by Daniel de Paula
A modest bronze plaque hangs on the wall of the former home of Sophia Schmalhausen (1816-1886), the sister of philosopher Karl Marx (1818-1883), in the city of Maastricht. The plaque celebrates Marx's stay, during a few weeks in 1865, in the home of Sophia and her late husband Willem Robert Schmalhausen (1817-1862), lawyer and public prosecutor. Marx's visit was, as some historical accounts suggest, motivated by personal reasons, but the historical implications of his passing through the city may have been underestimated.
Speculation has surfaced that, in addition to being a guest at his sister's home, Marx may have visited the famous glass and porcelain factory Petrus Regout & Co. - later known as Royal Sphinx - named after the founder, industrialist and politician Petrus Regout (1801-1878), whose code of conduct was: “NO WORK, NO LIFE”.
Consequently, before the publication of the first edition of his emblematic critique of political economy Das Kapital (1867), Marx may have witnessed in this factory the precarious and unhealthy working conditions imposed on the workers, many of whom were young children. Such an experience would have been insightful and supplemental to Marx's lingering theories on capital. As a result, it would also have been essential to the succession of radical reactions against the dominance of capitalism in our lives, which have since branched out worldwide from Marx's rigorous analytical gaze.
On the occasion of this exhibition¹ I am showing an engraved copper plate which was part of the production process of the Petrus Regout & Co. factory throughout the year 1865, the same year Marx is said to have visited the industrial factory. Instead of buying and displaying a product made in 1865 that is the result of the factory labor process - such as a ceramic plate or vase - I deliberately chose a fragment of industrial machinery that belonged to the production process itself. Or, in Marxist terms, I show the means of production - which would no doubt have been physically present during Marx's speculated trip to the factory - to underline the infrastructural manifestation of a quasi-automatic social framework. One that has since emphasized our existence under capitalism and a value-producing and labor-oriented society.
In that respect, my interest is paradoxically not in the copper plate itself. Not with the materiality of the object, but with what hides its physicality. I am concerned with the ideological essence hidden behind its explicit appearance. Its phantom, its shadow. The violent, inhuman and abstract categories of capitalism - time, labor and value - that rule everything and everyone.
Finally, through a self-conscious and self-critical attitude towards the commodification of my own work - which inevitably reproduces the abstract forces of capitalism - I transform the physical and metaphysical shadow of the copperplate on display into a commodity. As a fetishistic object. A unique salable and collectable work of art, available for purchase through Galeria Jaqueline Martins, by means of a certificate and contractual language confirming its ownership. In the same way as any legal document validates a commercial exchange and confirms ownership, be it land, an object, or one's own soul.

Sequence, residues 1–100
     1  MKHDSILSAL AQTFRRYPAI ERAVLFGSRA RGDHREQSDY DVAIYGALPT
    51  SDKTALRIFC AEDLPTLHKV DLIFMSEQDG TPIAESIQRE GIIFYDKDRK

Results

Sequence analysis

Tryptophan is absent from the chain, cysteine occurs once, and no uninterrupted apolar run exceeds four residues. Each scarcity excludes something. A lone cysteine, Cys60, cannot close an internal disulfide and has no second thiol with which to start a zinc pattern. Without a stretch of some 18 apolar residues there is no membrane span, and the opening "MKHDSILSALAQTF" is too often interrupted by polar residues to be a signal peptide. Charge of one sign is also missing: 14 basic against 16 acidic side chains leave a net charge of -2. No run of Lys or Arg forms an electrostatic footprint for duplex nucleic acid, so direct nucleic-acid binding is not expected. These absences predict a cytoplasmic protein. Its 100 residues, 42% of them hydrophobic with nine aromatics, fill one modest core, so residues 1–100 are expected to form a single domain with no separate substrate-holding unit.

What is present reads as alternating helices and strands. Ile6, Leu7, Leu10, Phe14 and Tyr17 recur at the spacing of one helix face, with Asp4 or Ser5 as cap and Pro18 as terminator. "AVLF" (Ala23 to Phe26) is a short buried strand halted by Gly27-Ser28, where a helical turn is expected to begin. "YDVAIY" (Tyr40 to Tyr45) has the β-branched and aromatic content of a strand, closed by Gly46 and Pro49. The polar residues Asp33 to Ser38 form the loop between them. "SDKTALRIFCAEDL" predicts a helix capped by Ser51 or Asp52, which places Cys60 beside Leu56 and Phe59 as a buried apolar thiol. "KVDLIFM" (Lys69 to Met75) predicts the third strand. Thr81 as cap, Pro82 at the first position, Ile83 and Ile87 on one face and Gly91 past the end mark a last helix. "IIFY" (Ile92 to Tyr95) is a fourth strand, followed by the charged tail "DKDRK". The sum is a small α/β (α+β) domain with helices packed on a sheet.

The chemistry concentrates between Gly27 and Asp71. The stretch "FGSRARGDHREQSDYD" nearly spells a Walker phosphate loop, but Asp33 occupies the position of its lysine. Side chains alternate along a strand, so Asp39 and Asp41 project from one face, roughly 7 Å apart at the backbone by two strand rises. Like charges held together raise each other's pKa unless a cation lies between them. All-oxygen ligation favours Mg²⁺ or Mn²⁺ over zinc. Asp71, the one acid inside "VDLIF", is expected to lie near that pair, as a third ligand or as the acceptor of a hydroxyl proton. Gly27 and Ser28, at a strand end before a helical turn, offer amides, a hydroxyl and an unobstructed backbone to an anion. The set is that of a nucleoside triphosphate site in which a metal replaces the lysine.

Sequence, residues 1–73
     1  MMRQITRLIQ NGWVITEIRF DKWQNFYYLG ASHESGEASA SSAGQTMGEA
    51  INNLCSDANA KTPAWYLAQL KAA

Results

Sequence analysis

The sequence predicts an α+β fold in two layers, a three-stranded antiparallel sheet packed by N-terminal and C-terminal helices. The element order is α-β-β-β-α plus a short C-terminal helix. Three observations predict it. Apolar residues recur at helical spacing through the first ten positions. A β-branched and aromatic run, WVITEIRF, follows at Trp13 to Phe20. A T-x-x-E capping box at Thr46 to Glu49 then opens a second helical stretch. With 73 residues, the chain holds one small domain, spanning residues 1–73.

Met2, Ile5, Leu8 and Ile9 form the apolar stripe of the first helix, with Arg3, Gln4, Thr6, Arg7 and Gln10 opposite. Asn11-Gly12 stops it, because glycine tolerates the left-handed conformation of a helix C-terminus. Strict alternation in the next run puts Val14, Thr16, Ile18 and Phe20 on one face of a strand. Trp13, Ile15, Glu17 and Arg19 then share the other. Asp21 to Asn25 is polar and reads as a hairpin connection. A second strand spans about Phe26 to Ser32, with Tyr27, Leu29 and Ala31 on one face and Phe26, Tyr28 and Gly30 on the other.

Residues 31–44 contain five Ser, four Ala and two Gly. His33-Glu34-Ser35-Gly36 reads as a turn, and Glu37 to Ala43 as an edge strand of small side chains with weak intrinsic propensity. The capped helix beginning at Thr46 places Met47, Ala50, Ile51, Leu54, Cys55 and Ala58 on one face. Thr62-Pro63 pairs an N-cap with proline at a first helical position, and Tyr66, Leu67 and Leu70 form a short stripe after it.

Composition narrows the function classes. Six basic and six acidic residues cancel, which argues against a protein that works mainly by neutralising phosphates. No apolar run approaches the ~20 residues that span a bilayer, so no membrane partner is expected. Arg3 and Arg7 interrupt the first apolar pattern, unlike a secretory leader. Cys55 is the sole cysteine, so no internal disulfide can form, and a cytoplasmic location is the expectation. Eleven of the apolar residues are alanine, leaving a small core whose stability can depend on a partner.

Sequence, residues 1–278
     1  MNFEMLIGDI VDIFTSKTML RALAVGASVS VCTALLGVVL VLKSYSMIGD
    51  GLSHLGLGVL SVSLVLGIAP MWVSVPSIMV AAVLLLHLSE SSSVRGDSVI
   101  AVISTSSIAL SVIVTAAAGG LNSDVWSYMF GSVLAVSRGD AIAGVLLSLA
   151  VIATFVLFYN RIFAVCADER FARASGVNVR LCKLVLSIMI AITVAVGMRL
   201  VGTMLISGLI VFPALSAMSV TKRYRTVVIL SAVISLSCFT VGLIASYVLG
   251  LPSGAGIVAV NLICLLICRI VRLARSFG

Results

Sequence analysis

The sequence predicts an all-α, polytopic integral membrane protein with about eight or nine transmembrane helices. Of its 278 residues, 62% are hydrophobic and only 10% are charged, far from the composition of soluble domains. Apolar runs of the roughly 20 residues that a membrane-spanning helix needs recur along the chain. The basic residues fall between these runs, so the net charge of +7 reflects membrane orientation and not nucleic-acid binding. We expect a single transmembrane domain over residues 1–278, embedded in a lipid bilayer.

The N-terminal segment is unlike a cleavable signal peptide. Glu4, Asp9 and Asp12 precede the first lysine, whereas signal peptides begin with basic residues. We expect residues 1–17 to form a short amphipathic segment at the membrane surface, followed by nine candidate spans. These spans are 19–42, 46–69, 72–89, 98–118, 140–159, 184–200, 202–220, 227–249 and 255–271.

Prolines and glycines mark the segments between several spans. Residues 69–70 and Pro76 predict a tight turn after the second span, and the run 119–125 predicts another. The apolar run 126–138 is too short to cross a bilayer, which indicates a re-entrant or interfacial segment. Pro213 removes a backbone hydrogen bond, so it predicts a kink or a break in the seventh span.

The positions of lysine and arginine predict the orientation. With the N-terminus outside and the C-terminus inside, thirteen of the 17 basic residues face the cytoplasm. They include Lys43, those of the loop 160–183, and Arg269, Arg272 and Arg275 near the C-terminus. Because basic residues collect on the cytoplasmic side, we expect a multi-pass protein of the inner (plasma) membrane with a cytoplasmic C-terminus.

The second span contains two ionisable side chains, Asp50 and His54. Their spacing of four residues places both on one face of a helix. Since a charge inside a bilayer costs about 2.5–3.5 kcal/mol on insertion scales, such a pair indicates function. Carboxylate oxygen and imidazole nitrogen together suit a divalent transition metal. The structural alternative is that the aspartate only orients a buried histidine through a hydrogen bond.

¹ in collaboration with the Centre Céramique, a cultural institution based in Maastricht that holds and maintains several collections of ceramics and archeological artifacts, including the Petrus Regout & Co. and Royal Sphinx collections
Daniel de Paula (Boston, USA, 1987) lives and works between Amsterdam, Netherlands and São Paulo, Brazil. Recent solo exhibitions by Daniel de Paula include and materiality becomes nothing but a mere representation of a structure of dominance, Lumen Travo Gallery, Amsterdam (2020), estrutura insuperável, Kunsthal Gent, Belgium (2019), the control of things over subjects is the control of subjects over themselves, Galeria Francesca Minini, Milan (2019), the conductive form of dominant flows, Galeria Jaqueline Martins, São Paulo (2017); testemunho, Galeria Leme, São Paulo (2015) and objetos de mobilidade, ações de permanência, White Cube Gallery, São Paulo (2014). In 2021, Daniel de Paula was granted a prize from The Graham Foundation (Chicago, USA) in support of his upcoming project developed for São Paulo’s 34th International Biennial alongside artists Marissa Lee Benedict and David Rueter. Since 2020, he has also been supported by the Mondriaan Fund (Netherlands). Recent art residencies include: De Fabriek, Eindhoven, Netherlands (2019), Jan van Eyck Academie, Maastricht, Netherlands (2018) and FLACC, Genk, Belgium (2016). Daniel de Paula works have also been included in recent institutional exhibitions such as Repose, Arts Club of Chicago (2020), Brasile. Il coltello nella carne, Padiglione d’Arte Contemporanea, Milan, Italy (2018), Matriz do Tempo Real, MAC, São Paulo (2018); Avenida Paulista, MASP, São Paulo (2017); Metrópole: Experiência Paulistana, Estação Pinacoteca, São Paulo (2017).